Ever since 2006, Pearls Mahone has been touring and performing live across the country, establishing herself a loyal fan base yearning to hear her throwback sound of Western Swing and Rockabilly music. Mahone’s music and albums are dictated by her live shows, with upbeat rhythms and danceable melodies through and through. One of her main influences is the one and only Bob Wills, the man whose musical influence runs deep through Swing and Country music history. Pearls Mahone’s second studio album, Echoes from the Prairie, channels nice swing sound combined with some Jazz influence to bring forth a fun, upbeat listen.
For the most part, melody and instrumentals drive Echoes from the Prairie with notable fiddles, steel guitars, and saxophones finding their way into almost every song. “Blow Your Top” and “All of Me” both kick the album off with fun, upbeat music. The lyrics are simple and repetitive, but the longer instrumental breaks create a vibrant feel with each listen. If I knew how to swing dance, I might have jumped off the couch and danced around the living room while listening to these songs. But instead, I listened to the music and the way the musicians traded the various solos and appreciated the musical variety of the songs.
“Flash of Diamonds” tells a story of a woman who says it like it is: she’s materialistic, and if any man wants to be with her then he better be ready to spoil her. This sassy, selfish tune carries a nice production and is quite enjoyable. Pearls sings of her hardship and hard-working lifestyle in “Hard Luck.” A life of little money and constantly stumbling, but those obstacles don’t slow her down. Pearls kicks up the dancing tunes again with “I Had Someone Else.” This song describes her as a rambling woman who’s not ready to settle down. There was someone before, there will be someone after you, and you’re just mine for now. And in “Oklahoma Hills” Pearls Mahone sings about a life out in Sooner State. While this Midwestern swing singer hails from Chicago, she plants herself well from this perspective in this groove.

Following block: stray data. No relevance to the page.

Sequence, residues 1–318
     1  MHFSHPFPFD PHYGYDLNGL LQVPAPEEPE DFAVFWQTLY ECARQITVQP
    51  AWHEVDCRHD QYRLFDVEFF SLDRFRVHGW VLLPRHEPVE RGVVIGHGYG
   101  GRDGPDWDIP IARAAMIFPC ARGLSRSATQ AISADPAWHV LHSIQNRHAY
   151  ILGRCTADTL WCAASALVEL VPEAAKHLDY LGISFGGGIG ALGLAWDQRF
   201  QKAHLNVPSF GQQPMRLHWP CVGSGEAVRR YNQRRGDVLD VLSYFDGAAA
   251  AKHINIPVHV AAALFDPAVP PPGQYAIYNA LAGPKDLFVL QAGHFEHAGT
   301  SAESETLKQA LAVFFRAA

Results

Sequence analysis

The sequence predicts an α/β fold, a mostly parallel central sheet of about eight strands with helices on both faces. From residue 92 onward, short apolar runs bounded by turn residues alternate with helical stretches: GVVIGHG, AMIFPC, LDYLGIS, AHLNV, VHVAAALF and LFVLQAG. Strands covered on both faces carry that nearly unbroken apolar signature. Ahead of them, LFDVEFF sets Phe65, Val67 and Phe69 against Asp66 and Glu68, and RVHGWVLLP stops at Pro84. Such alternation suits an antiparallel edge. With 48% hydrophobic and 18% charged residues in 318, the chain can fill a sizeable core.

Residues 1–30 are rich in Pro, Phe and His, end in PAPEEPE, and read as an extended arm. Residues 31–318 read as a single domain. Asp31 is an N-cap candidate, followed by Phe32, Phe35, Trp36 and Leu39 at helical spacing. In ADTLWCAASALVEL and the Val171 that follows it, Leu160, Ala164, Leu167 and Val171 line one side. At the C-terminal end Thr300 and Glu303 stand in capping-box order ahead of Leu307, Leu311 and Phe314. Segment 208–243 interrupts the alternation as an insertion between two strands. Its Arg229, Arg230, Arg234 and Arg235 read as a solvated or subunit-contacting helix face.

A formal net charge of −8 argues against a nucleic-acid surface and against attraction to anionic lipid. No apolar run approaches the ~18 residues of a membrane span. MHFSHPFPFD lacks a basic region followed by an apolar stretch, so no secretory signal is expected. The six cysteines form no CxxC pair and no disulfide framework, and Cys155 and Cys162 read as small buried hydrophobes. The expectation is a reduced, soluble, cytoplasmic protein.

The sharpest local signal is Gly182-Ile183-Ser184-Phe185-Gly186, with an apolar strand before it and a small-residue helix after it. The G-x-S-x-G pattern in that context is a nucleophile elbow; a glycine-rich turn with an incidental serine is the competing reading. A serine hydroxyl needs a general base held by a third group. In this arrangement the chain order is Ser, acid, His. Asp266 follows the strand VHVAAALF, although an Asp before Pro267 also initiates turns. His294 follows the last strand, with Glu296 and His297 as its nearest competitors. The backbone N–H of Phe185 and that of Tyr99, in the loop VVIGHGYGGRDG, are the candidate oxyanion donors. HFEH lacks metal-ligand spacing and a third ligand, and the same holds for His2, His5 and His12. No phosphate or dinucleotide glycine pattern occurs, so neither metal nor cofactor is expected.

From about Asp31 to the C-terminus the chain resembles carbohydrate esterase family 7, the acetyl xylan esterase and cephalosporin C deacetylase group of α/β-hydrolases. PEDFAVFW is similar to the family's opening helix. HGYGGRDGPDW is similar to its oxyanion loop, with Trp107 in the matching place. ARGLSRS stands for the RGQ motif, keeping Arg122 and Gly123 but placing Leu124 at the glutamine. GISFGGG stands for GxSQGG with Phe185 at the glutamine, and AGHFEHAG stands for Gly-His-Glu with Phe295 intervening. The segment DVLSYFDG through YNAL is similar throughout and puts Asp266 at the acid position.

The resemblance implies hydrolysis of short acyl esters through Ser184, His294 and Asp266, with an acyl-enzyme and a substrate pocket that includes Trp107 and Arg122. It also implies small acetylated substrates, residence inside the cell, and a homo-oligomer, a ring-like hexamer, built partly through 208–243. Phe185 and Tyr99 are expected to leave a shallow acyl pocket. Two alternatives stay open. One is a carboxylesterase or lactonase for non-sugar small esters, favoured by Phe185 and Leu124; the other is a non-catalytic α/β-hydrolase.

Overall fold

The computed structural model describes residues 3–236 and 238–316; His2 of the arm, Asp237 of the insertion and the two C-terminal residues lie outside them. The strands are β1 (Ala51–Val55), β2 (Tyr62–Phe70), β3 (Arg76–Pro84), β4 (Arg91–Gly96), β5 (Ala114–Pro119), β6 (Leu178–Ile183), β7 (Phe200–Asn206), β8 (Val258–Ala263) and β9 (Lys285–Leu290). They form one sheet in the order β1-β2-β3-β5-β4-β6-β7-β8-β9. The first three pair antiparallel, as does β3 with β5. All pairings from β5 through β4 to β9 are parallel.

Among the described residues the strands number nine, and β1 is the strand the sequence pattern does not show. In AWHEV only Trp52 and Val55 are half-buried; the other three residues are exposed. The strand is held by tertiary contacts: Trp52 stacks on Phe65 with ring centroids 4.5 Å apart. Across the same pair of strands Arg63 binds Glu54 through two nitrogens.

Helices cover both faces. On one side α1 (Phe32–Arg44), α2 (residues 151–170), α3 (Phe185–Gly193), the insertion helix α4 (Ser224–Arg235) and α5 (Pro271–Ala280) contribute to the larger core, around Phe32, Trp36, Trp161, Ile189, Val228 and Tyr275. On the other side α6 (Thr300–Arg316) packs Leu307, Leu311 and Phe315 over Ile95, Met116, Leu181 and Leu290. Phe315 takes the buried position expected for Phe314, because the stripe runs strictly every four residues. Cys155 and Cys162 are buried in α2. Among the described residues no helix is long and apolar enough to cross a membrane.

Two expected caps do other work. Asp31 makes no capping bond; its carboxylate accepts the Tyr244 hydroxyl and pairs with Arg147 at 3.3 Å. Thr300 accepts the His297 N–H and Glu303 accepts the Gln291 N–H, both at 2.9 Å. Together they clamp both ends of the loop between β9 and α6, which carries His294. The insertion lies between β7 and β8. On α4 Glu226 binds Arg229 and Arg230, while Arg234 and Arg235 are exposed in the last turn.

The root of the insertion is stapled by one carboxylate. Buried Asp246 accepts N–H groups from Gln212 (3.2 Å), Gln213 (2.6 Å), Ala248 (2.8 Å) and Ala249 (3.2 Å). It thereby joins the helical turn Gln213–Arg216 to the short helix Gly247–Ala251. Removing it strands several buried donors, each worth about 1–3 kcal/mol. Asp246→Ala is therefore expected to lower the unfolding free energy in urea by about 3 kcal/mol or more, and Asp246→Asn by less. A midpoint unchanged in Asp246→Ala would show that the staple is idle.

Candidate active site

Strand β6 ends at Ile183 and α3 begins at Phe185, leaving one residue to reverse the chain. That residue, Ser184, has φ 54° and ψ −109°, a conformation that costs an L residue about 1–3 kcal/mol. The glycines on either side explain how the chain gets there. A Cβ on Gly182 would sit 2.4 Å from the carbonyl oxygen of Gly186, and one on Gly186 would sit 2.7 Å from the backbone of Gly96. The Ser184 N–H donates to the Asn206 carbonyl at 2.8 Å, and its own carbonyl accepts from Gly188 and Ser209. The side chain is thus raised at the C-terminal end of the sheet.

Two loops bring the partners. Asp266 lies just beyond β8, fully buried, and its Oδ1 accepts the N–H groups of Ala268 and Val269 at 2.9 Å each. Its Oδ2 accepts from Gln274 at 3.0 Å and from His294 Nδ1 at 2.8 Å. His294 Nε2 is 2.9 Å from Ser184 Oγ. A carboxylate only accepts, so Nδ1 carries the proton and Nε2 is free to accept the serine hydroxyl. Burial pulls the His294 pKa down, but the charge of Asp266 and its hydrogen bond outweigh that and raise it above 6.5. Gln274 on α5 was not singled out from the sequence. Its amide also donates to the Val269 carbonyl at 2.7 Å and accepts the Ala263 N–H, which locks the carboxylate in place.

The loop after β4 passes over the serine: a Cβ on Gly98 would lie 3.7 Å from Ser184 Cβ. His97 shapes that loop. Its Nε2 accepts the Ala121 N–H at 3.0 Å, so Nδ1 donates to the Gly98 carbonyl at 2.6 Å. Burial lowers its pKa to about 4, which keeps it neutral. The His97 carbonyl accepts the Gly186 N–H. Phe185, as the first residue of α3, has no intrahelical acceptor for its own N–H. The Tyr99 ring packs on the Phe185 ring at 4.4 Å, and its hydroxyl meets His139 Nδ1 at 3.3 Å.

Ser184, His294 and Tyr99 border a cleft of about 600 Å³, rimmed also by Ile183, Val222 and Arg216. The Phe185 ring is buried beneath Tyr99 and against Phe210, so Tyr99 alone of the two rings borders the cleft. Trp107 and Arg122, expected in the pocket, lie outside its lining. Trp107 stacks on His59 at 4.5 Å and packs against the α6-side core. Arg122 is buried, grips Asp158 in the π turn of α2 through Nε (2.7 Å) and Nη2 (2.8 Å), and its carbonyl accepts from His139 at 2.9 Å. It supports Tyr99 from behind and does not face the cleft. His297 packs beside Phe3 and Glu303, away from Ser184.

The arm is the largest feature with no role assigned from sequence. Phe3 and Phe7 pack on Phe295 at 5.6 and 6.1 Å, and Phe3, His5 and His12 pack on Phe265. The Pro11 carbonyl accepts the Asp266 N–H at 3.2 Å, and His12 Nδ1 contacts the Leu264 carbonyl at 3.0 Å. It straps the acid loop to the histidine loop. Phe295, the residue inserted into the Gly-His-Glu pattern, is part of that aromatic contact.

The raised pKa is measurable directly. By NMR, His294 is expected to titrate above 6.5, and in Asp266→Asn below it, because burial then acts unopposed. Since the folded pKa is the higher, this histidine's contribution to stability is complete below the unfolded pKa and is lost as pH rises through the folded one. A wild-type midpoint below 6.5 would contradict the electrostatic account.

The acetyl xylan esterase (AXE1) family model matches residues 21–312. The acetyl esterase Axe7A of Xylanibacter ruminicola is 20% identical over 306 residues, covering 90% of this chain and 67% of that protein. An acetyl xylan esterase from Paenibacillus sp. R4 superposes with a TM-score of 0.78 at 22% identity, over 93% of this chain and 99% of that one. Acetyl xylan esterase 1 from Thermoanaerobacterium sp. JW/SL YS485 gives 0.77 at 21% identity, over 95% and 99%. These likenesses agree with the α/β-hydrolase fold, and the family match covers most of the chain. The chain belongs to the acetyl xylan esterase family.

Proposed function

“St. James Infirmary” might be my favorite song on the album. Sticking with her own woman attitude, Pearls Mahone sings of her man’s death. What does she do once she leaves the infirmary? She heads down to the bar to have a good time! This song chronicles the steps and thoughts she takes after his passing, and it’s quite an entertaining story. It’s well written with some great production to it. “Old Time Religion” is an old-time country gospel tune. I immediately draw comparisons to Hank’s “I Saw the Light.” The song is full of joy and love for the Lord. Echoes from the Prairie slows down for the last song, a cover of Tom Waits’ “Long Way Home.” This song details, in this case, a rambling woman whose love for the road is stronger than that for her man. And though she won’t leave him, she’ll just take the long way home from time to time.
Overall, Echoes From the Prairie is an enjoyable listen. There are several songs whose energetic mood and melody will certainly find a place in a live show. But Pearls Mahone proves she’s not just a one trick pony, providing listeners with story-driven country tunes among the dance inspired Swing songs. With sharp writing and an awesome production of blended Swing, country, and jazz, this album has a bit of everything to offer music fans. The variety isn’t choppy and the album transitions and moves smoothly. Echoes From the Prairie is an entertaining album from Pearls Mahone with fantastic instrumentation and great vocal performances.